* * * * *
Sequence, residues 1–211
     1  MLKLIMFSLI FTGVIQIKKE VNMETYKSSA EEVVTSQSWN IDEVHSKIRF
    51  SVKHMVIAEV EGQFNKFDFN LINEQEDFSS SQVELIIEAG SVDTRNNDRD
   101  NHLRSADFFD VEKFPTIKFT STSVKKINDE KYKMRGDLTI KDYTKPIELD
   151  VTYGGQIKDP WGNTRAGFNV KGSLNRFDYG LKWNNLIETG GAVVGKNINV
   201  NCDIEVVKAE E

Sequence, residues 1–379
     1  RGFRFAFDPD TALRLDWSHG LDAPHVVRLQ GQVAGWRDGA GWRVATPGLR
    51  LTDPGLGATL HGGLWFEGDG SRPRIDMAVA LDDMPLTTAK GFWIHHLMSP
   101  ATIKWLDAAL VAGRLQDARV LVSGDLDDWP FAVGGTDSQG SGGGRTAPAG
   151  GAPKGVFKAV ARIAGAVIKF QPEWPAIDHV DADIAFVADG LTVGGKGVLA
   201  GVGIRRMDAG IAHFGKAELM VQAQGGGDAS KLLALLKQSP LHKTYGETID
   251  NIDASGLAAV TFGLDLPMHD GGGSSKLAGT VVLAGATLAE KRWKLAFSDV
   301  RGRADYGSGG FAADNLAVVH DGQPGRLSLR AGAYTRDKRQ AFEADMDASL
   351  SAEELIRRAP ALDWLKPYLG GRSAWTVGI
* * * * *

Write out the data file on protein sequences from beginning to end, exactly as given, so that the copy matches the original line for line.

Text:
Sequence, residues 1–211
     1  MLKLIMFSLI FTGVIQIKKE VNMETYKSSA EEVVTSQSWN IDEVHSKIRF
    51  SVKHMVIAEV EGQFNKFDFN LINEQEDFSS SQVELIIEAG SVDTRNNDRD
   101  NHLRSADFFD VEKFPTIKFT STSVKKINDE KYKMRGDLTI KDYTKPIELD
   151  VTYGGQIKDP WGNTRAGFNV KGSLNRFDYG LKWNNLIETG GAVVGKNINV
   201  NCDIEVVKAE E

Sequence, residues 1–379
     1  RGFRFAFDPD TALRLDWSHG LDAPHVVRLQ GQVAGWRDGA GWRVATPGLR
    51  LTDPGLGATL HGGLWFEGDG SRPRIDMAVA LDDMPLTTAK GFWIHHLMSP
   101  ATIKWLDAAL VAGRLQDARV LVSGDLDDWP FAVGGTDSQG SGGGRTAPAG
   151  GAPKGVFKAV ARIAGAVIKF QPEWPAIDHV DADIAFVADG LTVGGKGVLA
   201  GVGIRRMDAG IAHFGKAELM VQAQGGGDAS KLLALLKQSP LHKTYGETID
   251  NIDASGLAAV TFGLDLPMHD GGGSSKLAGT VVLAGATLAE KRWKLAFSDV
   301  RGRADYGSGG FAADNLAVVH DGQPGRLSLR AGAYTRDKRQ AFEADMDASL
   351  SAEELIRRAP ALDWLKPYLG GRSAWTVGI